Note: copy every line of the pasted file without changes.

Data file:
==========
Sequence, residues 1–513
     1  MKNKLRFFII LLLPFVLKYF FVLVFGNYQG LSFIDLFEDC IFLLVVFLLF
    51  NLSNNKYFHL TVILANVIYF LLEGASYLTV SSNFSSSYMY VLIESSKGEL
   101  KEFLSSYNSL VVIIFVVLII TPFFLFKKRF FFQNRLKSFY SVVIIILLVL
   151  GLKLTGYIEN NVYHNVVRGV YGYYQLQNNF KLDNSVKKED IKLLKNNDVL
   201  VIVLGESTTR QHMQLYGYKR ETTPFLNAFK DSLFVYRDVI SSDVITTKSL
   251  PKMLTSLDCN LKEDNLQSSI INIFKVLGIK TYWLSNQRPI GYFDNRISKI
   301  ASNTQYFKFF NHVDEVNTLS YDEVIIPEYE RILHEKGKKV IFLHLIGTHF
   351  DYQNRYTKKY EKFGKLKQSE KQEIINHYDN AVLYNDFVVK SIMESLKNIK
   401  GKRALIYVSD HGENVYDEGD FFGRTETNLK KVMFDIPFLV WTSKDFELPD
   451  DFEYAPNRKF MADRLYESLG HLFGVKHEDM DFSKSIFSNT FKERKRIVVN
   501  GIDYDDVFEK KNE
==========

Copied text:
Sequence, residues 1–513
     1  MKNKLRFFII LLLPFVLKYF FVLVFGNYQG LSFIDLFEDC IFLLVVFLLF
    51  NLSNNKYFHL TVILANVIYF LLEGASYLTV SSNFSSSYMY VLIESSKGEL
   101  KEFLSSYNSL VVIIFVVLII TPFFLFKKRF FFQNRLKSFY SVVIIILLVL
   151  GLKLTGYIEN NVYHNVVRGV YGYYQLQNNF KLDNSVKKED IKLLKNNDVL
   201  VIVLGESTTR QHMQLYGYKR ETTPFLNAFK DSLFVYRDVI SSDVITTKSL
   251  PKMLTSLDCN LKEDNLQSSI INIFKVLGIK TYWLSNQRPI GYFDNRISKI
   301  ASNTQYFKFF NHVDEVNTLS YDEVIIPEYE RILHEKGKKV IFLHLIGTHF
   351  DYQNRYTKKY EKFGKLKQSE KQEIINHYDN AVLYNDFVVK SIMESLKNIK
   401  GKRALIYVSD HGENVYDEGD FFGRTETNLK KVMFDIPFLV WTSKDFELPD
   451  DFEYAPNRKF MADRLYESLG HLFGVKHEDM DFSKSIFSNT FKERKRIVVN
   501  GIDYDDVFEK KNE